Overtime

HR Glossary for HR Professionals

Glossary of the most common HR terms and acronyms to assist professionals navigating the ever-growing and ever-changing world of HR terminology.

Overtime

What is Overtime?

Unless an employee is exempt, FLSA requires those covered to receive overtime pay for over 40 hours in a workweek. According to the DOL, the rate should not be less than time-and-a-half of the regular rate of pay.

For a full fact sheet, click here.

Example of how overtime pay works:

Hourly pay rate x 1.5 x overtime hours worked = overtime pay

$25 hourly x 1.5 OT rate x 4 OT hours worked = $150 OT pay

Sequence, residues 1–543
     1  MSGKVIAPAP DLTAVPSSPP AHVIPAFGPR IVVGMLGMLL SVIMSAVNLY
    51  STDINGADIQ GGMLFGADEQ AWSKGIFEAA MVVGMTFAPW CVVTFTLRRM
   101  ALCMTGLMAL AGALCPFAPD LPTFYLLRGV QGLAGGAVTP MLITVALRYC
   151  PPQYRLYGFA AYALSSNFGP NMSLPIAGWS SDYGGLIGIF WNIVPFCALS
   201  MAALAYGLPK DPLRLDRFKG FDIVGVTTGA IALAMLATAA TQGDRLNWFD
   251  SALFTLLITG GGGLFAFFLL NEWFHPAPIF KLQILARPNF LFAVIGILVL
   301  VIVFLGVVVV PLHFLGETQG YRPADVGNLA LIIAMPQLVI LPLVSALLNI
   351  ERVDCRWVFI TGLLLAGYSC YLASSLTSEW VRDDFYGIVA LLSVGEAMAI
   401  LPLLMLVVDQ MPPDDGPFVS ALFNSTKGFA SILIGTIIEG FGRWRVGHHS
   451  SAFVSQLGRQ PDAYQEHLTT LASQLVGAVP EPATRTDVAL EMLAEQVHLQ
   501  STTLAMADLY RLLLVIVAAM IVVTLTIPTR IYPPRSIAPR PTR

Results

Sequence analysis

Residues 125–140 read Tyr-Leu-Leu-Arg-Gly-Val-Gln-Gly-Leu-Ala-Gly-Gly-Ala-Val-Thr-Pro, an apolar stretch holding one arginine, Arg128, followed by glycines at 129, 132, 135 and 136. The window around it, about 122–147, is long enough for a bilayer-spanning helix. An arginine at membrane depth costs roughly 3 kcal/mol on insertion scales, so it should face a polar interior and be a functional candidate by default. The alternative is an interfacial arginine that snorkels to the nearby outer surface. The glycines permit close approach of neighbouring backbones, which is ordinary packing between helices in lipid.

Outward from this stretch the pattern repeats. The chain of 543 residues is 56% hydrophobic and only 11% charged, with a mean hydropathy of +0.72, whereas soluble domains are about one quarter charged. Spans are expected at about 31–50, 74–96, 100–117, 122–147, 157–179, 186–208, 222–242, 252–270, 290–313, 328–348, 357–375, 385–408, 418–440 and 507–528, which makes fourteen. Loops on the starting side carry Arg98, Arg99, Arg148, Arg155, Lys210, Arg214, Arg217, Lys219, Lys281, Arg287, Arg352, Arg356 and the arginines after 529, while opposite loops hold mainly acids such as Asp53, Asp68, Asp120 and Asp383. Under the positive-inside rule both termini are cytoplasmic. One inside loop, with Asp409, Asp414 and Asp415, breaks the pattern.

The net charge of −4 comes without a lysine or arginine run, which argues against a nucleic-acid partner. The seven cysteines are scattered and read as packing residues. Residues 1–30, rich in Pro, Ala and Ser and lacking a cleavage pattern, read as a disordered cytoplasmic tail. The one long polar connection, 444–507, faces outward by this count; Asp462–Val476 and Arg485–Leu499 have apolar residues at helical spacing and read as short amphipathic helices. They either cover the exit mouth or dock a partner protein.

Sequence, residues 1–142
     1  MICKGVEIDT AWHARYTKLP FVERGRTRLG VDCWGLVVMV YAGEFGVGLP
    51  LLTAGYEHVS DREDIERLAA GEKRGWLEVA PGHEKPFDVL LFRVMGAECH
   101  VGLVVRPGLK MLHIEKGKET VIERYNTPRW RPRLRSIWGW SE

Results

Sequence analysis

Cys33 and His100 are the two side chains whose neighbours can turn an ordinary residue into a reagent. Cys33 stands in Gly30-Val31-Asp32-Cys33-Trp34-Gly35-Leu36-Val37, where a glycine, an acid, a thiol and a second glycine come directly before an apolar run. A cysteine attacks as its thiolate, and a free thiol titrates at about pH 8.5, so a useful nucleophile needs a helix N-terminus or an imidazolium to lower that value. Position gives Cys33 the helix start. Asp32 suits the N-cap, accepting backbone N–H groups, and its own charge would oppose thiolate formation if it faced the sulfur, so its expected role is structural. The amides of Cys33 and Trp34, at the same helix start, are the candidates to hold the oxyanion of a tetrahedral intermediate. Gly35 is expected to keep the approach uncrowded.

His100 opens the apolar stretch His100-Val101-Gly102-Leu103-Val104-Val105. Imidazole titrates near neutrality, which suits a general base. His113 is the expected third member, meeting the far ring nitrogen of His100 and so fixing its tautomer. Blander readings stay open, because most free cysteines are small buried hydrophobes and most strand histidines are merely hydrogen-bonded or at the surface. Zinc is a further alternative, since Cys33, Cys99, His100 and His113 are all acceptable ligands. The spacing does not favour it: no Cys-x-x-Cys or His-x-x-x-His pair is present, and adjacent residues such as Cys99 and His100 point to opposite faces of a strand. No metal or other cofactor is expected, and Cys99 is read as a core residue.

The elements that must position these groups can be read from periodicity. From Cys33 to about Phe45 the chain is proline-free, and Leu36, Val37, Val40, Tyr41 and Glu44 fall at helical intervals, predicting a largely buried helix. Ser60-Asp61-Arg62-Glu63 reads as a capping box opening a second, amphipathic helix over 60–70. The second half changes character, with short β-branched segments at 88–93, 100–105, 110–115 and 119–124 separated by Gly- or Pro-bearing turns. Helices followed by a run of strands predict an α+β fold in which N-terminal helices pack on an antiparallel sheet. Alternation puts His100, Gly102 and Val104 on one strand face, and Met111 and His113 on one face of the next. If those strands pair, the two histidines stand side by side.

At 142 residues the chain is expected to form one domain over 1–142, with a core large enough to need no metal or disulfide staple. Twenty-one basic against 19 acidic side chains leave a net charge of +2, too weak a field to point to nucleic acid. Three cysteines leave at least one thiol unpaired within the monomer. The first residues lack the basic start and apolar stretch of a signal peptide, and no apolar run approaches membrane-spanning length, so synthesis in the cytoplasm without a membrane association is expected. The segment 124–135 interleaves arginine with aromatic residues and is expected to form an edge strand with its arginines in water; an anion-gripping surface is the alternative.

Can employees be forced to work overtime?

Yes. Employers can require employees to work overtime and has the right to fire for refusal, according to the FLSA. FLSA sets no limits on how many hours a day or week employers can require employees to work. 

While employers can require employees to work overtime, there are some exceptions. These include union contracts, other employment contracts, computer professionals, workers responsible for childcare, etc.

Are there alternatives to mandatory overtime?

While most employers rely on current employees to handle the workload through mandatory overtime versus investing in additional employees, there are alternatives that include: 

  • The option for employers to post available shifts and solicit volunteers before mandating overtime. 
  • Use a staffing agency. 
  • Hire part-time employees for the extra workload.
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